This doesn't mean total cultural relativism. You can still criticize certain aspects of a culture, like you can do that of your own culture. It just means that people from other cultures should be treated with an equal level of respect.

The last step in the article is towards globalisation, a new planetary society:

"While Malinowski began his work at the moment of the birth of the masses, we are living today in the period of transition from that mass society to a new, planetary society. Many factors lie behind this—the electronics revolution, the unprecedented development of all forms of communication, the great advances in transport and movement, and also, in connection with this, the transformation at work in the consciousness of the youngest generation and in culture broadly conceived.

How will this alter the relations between us, the people of one culture, and the people of some other culture, or of Other cultures? How will this influence the I-Other relationship within my culture and beyond it? It is very difficult to give an unequivocal final answer, since the process is ongoing and we ourselves, with no chance for the distance that fosters reflection, are immersed in it.
Levinas considered the I-Other relation within the bounds of a single, racially and historically homogeneous civilization. Malinowski studied the Melanesian tribes at a time when they were still in their primal state, not yet violated by the influence of Western technology, organization and markets. Today, this is ever less frequently possible. Cultures are becoming increasingly hybridized and heterogeneous.
We say today that the world has become multiethnic and multicultural not because there are more of these communities and cultures than before, but rather because they are speaking out more loudly, with increasing self-sufficiency and forcefulness, demanding acceptance, recognition and a place at the round table of nations. Today, our planet, inhabited for centuries by a narrow group of free people and broad throngs of the enslaved, is filled with an increasing number of nations and societies that have a growing sense of their own separate value and significance. This process is often occurring amidst enormous difficulties, conflicts, dramas and losses.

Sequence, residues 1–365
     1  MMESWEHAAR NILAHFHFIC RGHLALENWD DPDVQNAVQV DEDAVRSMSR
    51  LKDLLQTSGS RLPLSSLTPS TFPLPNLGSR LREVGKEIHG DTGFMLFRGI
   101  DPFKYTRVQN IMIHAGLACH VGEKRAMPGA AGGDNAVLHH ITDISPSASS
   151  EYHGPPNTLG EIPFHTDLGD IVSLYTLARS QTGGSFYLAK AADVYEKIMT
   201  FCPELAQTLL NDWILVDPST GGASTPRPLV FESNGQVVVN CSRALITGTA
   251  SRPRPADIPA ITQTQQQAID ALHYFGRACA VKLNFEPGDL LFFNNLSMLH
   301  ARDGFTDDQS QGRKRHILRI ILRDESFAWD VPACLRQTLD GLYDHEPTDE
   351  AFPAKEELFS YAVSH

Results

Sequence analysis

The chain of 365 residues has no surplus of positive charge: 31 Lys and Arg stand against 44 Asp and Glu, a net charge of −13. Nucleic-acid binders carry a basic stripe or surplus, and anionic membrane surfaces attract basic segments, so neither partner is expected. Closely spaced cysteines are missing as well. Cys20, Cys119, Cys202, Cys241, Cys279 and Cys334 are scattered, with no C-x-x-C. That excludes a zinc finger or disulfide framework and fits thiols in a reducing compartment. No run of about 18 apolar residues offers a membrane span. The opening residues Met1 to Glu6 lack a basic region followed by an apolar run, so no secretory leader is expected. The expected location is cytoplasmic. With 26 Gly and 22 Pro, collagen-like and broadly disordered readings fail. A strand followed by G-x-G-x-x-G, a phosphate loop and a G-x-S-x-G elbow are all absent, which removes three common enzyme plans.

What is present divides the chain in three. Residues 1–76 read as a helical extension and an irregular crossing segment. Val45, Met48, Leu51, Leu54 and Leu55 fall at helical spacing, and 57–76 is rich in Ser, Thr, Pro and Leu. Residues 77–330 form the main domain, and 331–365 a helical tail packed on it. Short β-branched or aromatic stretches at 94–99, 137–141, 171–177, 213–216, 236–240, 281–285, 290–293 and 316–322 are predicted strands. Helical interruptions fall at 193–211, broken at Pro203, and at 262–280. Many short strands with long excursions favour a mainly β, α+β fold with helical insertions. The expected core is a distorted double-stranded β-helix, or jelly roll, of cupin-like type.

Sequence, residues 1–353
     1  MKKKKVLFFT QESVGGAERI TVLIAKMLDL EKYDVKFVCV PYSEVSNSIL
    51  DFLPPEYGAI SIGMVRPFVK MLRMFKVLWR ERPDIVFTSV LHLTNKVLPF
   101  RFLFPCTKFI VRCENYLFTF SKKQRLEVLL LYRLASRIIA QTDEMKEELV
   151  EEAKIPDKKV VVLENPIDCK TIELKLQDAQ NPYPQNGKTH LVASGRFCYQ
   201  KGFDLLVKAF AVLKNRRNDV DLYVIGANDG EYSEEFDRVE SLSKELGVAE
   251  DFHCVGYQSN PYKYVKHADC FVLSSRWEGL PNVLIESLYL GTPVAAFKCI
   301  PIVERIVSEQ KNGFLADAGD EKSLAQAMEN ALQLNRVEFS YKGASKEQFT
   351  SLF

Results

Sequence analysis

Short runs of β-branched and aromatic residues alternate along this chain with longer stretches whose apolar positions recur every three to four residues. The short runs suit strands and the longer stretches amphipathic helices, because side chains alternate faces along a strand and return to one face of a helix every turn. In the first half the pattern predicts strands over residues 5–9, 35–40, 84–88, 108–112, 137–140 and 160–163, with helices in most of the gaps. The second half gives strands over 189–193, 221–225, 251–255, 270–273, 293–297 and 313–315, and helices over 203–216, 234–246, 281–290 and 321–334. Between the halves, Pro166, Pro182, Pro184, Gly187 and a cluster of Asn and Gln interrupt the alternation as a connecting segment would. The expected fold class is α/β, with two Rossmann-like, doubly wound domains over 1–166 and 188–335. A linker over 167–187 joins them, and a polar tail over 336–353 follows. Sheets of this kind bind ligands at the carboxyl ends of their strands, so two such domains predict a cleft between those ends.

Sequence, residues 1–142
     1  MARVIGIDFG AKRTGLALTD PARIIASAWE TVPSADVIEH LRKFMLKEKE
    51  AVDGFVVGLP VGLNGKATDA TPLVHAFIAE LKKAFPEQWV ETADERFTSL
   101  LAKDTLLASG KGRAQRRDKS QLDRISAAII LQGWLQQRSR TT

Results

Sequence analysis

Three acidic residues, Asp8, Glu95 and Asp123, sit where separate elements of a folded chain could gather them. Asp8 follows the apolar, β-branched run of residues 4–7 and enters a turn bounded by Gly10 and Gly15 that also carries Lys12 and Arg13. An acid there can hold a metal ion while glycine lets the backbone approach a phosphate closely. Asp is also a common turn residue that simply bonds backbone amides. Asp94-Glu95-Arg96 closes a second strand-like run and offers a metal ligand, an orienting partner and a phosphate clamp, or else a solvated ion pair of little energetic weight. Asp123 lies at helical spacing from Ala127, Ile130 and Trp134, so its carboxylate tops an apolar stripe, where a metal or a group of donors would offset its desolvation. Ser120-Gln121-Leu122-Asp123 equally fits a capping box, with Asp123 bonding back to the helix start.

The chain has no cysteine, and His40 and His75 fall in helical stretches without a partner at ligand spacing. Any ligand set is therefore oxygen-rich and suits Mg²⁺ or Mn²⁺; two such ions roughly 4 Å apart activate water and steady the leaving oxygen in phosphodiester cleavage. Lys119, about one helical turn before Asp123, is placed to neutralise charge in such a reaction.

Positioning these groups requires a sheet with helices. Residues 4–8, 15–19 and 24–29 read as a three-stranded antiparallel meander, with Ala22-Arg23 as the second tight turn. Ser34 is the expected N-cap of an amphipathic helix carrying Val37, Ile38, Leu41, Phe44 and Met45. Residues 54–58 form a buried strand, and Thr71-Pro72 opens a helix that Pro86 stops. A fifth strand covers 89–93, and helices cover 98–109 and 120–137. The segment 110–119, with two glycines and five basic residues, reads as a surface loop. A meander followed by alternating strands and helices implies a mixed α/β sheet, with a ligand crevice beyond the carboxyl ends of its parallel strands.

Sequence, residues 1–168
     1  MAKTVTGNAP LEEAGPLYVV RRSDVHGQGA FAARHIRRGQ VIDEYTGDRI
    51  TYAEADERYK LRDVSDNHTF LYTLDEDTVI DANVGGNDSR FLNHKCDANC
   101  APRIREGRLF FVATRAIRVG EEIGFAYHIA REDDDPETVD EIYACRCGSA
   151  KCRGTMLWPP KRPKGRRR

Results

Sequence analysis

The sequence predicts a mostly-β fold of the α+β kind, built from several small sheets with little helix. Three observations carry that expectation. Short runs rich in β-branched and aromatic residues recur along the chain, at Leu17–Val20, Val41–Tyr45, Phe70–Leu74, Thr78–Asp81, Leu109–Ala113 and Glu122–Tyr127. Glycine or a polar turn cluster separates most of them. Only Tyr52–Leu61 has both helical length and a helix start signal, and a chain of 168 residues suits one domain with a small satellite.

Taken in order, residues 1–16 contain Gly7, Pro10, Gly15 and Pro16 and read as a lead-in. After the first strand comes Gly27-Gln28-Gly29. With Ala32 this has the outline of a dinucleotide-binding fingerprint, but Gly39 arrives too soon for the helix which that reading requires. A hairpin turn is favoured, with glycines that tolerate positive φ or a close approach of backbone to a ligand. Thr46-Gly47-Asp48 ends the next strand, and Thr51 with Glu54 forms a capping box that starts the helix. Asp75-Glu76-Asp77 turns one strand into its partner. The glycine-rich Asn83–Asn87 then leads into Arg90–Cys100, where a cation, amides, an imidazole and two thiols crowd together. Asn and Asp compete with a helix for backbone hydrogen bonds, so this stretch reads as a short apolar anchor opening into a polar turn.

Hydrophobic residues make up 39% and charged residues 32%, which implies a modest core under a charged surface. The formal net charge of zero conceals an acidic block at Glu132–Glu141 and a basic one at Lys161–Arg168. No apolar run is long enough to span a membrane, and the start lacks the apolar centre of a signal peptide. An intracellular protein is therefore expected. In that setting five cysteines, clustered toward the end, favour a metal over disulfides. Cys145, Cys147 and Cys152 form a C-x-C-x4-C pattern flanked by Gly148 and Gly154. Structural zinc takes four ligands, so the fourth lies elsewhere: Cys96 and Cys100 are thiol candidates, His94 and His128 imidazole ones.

We may be moving toward a world so entirely new and changed that our previous historical experience will prove to be insufficient to grasp and move around in it. In any case, the world that we are entering is the Planet of Great Opportunities. Yet these are not unconditional opportunities, but rather opportunities open only to those who take their tasks seriously and thus prove that they take themselves seriously. This is a world that potentially has a lot to offer, but that also demands a lot, and in which taking easy shortcuts is often the road to nowhere.

We will constantly be encountering the new Other, who will slowly emerge from the chaos and tumult of the present. It is possible that this new Other will arise from the meeting of two contradictory currents that shape the culture of the contemporary world—the current of the globalization of our reality and the current of the conservation of our diversity, our differences, our uniqueness. The Other may be the offspring and the heir of these two currents.
We should seek dialogue and understanding with the new Other. The experience of spending years among remote Others has taught me that kindness toward another being is the only attitude that can strike a chord of humanity in the Other."

This is a very important point I think. I experienced it myself in Senegal. The cultural differences can easily lead to misunderstandings and frustration. I may be very convinced of my being right. But if I want to have good contact with my Senegalese colleagues, I have to be patient, calm, flexible, friendly, respectful. That works much better than to start shouting out of anger and indignation. To recognize the humanity in the Other is an important condition for ethical behaviour. Once you recognize that the Other is human, it becomes much more difficult to kill him (either physically or psychologically) as Levinas says.

Kapuscinski is asking some interesting questions which I could maybe try to answer in a dissertation. He wrote this article in 2002. The world is changing fast. There are many analysises to make of what is happening nowadays, what will be the result and what can we do to make improvements.

"Who will this new Other be? What will our encounter be like? What will we say? And in what language? Will we be able to listen to each other? To understand each other?
Will we both want to appeal, as Joseph Conrad put it, to what 'speaks to our capacity for delight and wonder, to the sense of mystery surrounding our lives; to our sense of pity, and beauty, and pain; to the latent feeling of fellowship with all creation—and to the subtle but invincible, conviction of solidarity that knits together the loneliness of innumerable hearts: to the solidarity in dreams, in joy, in sorrow, in aspirations, in illusions, in hope, in fear, which binds men to each other, which binds together all humanity—the dead to the living and the living to the unborn.' "